Monday, April 26, 2021

Investigation Into ICE's Mishandling of COVID-19


Investigation Into ICE's Mishandling of COVID-19

The United States currently has the largest immigration detention system in the world. On any given day, Immigration and Customs Enforcement, or ICE, holds tens of thousands of people in about 200 facilities across the country. And throughout the pandemic, these facilities have become some of the most dangerous places in the United States when it comes to COVID-19 outbreaks.

Our analysis compared estimated infection rates in ICE detention centers with infection rates in prisons and in the general population. As COVID-19 cases rose last June, ICE detention facilities had an average infection rate five times that of prisons and 20 times that of the general population.

To understand the risks the ICE facilities posed, we talked to former detainees, data scientists, lawyers, county officials and the family of a former ICE contractor about the spread of COVID-19 inside and outside ICE detention centers. We also reviewed court documents, medical records of detainees and government inspection reports from June 2020 to March 2021. Here’s what we found.

Monday, April 19, 2021

Admissions Cap

 Biden’s Commitment to Refugees in Question After Flip-Flopping on Admissions Cap

Throughout his presidential campaign and after the election, Joe Biden repeatedly condemned President Trump’s decision to slash the U.S. refugee admissions level to its lowest in history. He  promised to raise the number of refugees admitted to 125,000 a year.

But on April 16, President Biden instead signed a new refugee determination keeping in place Trump’s 15,000 cap on refugees for the rest of the fiscal year, the lowest level in the history of the U.S. refugee resettlement program. This decision was the first major promise on immigration that Biden appeared to break.

Biden did, however, lift several discriminatory restrictions on the refugee program that had blocked many refugees from the Middle East and Africa. And after refugee groups and members of Congress condemned the administration’s decision, the White House seemingly walked back its original announcement, saying that “We expect the President to set a final, increased refugee cap for the remainder of this fiscal year by May 15.”

The U.S. Refugee Resettlement Program, established decades ago, requires the president to sign a “Presidential Determination” each year setting the number of refugees that will be resettled. In President Obama’s last term, that level was set at 110,000 for fiscal year 2017. Trump lowered the level to 50,000 immediately on taking office, then cut the level each year after that. It plummeted to a historic low of 15,000 for fiscal year 2021, which runs from October 1, 2020 to September 30, 2021. In total, just 2,050 refugees have been resettled through the first half of the fiscal year.

Monday, April 12, 2021

Responding at the Border

 How the Biden Administration Is Responding to Unaccompanied Children, 

Families, and Adults at the Border

The Arrival of Single Adults at the Border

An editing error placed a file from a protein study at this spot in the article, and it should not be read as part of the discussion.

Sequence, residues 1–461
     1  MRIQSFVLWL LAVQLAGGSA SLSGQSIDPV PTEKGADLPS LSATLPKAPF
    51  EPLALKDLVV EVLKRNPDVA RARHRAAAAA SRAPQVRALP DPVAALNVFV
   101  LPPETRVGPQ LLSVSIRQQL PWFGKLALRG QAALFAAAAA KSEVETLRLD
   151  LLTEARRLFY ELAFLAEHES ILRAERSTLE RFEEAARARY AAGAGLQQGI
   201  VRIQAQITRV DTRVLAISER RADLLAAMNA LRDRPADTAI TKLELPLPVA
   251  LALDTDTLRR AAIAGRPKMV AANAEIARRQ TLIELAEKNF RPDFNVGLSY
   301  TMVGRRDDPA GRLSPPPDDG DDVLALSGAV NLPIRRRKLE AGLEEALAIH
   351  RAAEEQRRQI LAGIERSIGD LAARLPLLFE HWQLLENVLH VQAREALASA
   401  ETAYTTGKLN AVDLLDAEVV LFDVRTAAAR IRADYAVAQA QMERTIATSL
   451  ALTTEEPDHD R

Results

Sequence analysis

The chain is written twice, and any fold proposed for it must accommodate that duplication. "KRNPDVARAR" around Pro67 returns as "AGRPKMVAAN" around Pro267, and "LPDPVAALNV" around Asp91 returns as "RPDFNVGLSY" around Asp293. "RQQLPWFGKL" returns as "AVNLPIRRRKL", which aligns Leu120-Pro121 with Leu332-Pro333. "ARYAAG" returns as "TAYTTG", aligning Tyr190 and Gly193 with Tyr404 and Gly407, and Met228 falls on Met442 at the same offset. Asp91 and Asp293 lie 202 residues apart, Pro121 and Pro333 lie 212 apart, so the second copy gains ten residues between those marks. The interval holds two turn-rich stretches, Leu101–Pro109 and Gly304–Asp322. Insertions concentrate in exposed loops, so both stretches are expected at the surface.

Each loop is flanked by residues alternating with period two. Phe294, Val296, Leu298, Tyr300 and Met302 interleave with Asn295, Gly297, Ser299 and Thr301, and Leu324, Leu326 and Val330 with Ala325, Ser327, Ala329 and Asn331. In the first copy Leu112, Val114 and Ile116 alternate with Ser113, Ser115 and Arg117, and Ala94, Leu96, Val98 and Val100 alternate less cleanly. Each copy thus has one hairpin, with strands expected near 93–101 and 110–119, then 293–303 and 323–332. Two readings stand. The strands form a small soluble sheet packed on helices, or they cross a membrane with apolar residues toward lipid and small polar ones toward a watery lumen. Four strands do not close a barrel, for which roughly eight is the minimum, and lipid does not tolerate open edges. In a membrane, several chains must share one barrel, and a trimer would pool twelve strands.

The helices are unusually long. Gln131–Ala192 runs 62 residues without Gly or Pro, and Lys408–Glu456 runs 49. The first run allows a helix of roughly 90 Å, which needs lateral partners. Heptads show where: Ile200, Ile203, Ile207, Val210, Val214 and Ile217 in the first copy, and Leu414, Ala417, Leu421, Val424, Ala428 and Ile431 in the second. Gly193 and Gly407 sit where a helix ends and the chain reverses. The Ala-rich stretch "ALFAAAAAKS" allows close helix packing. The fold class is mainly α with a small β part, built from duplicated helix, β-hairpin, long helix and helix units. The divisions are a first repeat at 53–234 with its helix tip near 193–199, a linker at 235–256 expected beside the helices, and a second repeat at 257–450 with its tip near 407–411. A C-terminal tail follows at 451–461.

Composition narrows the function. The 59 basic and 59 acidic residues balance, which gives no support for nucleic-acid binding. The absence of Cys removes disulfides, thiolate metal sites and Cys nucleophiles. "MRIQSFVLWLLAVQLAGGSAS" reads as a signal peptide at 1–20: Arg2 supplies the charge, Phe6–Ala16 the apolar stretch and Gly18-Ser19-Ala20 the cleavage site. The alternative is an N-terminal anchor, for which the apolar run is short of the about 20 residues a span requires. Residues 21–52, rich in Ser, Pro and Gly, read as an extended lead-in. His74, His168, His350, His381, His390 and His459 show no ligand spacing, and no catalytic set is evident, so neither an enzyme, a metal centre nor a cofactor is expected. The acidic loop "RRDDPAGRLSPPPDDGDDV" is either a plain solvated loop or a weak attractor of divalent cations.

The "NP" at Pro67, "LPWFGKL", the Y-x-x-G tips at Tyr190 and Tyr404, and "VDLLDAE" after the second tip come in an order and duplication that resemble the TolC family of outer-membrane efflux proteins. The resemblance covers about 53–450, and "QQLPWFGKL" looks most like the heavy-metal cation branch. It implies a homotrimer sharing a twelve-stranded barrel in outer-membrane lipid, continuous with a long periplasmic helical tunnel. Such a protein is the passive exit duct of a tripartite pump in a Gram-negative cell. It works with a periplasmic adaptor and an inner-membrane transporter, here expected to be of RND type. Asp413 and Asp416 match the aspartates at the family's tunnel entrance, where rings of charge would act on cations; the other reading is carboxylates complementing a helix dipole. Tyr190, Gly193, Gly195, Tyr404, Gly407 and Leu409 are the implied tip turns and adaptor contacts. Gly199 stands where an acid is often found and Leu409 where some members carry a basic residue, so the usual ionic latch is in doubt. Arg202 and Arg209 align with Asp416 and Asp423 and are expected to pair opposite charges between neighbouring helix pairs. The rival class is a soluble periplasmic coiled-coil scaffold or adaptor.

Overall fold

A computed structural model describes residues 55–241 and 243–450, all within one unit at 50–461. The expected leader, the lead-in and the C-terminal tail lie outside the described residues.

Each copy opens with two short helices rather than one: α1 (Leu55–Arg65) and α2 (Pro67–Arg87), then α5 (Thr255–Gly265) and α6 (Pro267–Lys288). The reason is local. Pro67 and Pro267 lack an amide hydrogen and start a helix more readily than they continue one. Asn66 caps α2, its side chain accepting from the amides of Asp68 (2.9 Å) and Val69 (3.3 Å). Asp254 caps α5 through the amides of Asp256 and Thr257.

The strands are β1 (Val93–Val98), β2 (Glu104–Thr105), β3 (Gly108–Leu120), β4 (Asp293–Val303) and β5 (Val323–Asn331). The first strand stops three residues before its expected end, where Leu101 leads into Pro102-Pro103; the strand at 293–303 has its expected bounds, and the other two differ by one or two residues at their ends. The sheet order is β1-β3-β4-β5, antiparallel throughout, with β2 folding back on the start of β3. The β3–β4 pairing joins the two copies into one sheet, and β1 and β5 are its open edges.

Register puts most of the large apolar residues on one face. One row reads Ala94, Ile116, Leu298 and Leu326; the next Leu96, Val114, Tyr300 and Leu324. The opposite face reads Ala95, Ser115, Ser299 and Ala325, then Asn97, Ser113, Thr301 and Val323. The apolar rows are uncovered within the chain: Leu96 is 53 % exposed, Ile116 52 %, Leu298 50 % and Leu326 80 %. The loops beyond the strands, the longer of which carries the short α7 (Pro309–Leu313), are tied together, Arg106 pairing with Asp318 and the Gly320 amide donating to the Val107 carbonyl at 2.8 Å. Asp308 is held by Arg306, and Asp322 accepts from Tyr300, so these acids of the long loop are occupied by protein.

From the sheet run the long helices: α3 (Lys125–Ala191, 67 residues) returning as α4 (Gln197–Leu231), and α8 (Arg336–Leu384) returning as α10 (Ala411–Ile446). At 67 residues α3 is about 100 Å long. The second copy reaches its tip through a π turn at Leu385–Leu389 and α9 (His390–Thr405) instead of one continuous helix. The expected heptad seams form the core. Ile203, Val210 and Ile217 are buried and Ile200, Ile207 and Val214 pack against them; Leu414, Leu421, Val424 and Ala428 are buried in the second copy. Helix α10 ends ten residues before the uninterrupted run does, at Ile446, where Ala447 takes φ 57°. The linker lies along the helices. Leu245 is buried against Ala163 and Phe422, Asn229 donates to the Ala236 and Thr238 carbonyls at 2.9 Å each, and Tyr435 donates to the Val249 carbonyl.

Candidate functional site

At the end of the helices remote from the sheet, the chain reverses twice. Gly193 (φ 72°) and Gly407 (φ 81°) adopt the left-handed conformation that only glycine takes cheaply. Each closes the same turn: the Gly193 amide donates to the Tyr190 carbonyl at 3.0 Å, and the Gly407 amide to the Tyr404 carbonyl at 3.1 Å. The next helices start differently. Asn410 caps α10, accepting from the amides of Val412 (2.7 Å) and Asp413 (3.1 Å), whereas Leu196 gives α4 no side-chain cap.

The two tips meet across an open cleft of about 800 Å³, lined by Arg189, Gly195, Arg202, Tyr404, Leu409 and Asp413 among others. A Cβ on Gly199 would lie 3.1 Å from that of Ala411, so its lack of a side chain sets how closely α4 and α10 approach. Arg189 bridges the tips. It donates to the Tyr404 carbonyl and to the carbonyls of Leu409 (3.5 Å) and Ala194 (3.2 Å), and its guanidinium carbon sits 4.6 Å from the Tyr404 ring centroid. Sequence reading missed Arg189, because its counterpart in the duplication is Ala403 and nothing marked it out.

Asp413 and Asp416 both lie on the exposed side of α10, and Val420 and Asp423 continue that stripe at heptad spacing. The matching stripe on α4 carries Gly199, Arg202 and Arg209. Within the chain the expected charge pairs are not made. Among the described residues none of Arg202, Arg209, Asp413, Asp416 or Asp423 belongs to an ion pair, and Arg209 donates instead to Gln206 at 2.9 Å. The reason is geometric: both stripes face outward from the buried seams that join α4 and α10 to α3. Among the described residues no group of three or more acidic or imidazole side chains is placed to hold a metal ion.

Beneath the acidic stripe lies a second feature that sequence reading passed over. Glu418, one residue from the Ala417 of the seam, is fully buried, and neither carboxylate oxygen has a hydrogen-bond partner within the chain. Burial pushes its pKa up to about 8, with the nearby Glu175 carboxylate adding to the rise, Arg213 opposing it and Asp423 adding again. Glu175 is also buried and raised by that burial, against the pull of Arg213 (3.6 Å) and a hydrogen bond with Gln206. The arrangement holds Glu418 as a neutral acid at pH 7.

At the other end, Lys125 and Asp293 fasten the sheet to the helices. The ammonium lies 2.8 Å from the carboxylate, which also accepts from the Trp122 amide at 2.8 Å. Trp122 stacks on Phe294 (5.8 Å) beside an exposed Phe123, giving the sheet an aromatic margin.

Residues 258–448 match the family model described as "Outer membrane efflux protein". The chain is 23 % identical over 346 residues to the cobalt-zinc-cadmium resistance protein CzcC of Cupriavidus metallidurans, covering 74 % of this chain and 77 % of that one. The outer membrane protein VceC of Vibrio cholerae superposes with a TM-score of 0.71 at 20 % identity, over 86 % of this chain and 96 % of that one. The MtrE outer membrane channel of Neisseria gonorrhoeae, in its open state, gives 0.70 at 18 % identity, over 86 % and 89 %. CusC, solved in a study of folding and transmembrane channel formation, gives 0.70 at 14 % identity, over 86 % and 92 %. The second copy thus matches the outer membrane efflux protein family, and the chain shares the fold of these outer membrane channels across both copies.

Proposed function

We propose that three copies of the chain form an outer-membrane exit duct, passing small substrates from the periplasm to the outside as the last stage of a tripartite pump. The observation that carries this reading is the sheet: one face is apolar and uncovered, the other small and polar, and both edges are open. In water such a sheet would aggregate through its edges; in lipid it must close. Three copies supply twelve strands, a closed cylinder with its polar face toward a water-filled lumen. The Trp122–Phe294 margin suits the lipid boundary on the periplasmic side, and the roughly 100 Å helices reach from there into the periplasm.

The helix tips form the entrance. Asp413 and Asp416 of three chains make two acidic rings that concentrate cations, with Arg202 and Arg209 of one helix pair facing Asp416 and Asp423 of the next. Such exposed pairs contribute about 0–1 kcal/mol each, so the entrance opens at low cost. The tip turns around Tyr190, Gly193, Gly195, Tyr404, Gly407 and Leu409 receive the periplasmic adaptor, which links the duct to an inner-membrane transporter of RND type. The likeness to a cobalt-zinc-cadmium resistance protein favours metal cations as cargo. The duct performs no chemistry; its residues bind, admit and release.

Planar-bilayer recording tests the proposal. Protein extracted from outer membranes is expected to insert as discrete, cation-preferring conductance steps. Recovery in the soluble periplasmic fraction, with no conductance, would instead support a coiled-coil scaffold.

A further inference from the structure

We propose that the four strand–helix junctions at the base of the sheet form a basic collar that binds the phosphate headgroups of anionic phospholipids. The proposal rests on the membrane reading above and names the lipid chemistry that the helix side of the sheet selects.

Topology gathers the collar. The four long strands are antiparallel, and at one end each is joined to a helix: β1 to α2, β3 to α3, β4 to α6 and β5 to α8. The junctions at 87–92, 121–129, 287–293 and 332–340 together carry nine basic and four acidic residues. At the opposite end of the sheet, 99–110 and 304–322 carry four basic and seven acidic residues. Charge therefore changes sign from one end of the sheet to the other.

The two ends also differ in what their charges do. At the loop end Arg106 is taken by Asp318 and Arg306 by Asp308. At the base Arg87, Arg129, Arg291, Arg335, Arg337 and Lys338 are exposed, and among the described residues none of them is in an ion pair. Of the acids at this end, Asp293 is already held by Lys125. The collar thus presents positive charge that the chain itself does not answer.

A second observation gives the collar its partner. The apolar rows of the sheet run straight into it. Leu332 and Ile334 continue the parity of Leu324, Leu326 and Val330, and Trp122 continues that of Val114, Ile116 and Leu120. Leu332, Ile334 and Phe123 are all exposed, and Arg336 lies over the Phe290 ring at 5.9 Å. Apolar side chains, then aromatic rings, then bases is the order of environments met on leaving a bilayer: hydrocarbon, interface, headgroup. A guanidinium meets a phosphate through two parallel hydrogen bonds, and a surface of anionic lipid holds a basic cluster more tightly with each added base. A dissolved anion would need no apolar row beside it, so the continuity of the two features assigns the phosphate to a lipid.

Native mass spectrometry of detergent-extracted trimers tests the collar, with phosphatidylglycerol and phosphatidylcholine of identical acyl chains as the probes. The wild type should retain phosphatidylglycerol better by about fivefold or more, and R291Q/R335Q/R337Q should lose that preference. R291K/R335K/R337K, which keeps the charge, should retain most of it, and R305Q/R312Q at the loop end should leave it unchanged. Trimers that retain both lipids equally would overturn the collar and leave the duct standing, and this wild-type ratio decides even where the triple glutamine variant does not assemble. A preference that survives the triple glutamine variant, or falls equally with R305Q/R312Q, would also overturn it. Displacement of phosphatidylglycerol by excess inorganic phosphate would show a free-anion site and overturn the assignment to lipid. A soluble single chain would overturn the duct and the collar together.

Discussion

Beginning last spring, after lockdowns lifted across Mexico and Central America, tens of thousands of single adults began coming to the U.S.-Mexico border. Under a policy put in place by the Trump administration known as “Title 42,” individuals who cross the border between ports of entry were rapidly expelled back to Mexico or placed on a plane and sent to their home country.

These rapid expulsions created a situation where single adults—who didn’t have to worry about the health and safety of a child with them—could attempt to cross the border repeatedly. In December 2020 alone, the Border Patrol apprehended single adults over 62,000 times (many of them the same people). This was the highest level since 1999.

The number of single adults coming to the border has continued to increase since then, making up 67% of all border apprehensions since January. In March, the Border Patrol apprehended single adults 96,628 times. Nearly all were expelled back to Mexico—even those hoping to seek asylum.

Single adults do not represent the same kind of processing difficulties as families and children, in part because the Border Patrol was created generations ago for this exact purpose.

The Arrival of Families and Unaccompanied Children

At the same time, a different phenomenon has been occurring with families and unaccompanied children. Though the number of asylum-seeking families and children coming to the border had begun growing last year, that number has skyrocketed since January.

The arrival of record numbers of unaccompanied children has continued to prove an enormous humanitarian challenge for the Biden administration. President Biden has committed to not restoring the Trump-era policy of expelling unaccompanied children, which was blocked in court last November.

In response, the Biden administration has worked to rapidly expand the capacity of the Office of Refugee Resettlement through the creation of new “emergency influx shelters.” This strategy seems to be having a positive impact, with the number of children in Border Patrol custody beginning to drop through the first weeks of April.

Monday, April 5, 2021

Eagle Pass

Texas border town mayor says illegal immigrants have been hiding in homes

Eagle Pass, Texas Mayor Luis Sifuentes says border agents in his area have been catching about 300 illegal immigrants a day.

The mayor of a Texas border town told "America Reports" on Monday that illegal immigrants have been hiding in the homes, backyards and patios

Eagle Pass borders the city of Piedras Negras, Coahuila, Mexico, which is to the southwest and across the Rio Grande. The Eagle Pass-Piedras Negras metropolitan area (EG-PN) is one of six binational metropolitan areas along the United States-Mexican border.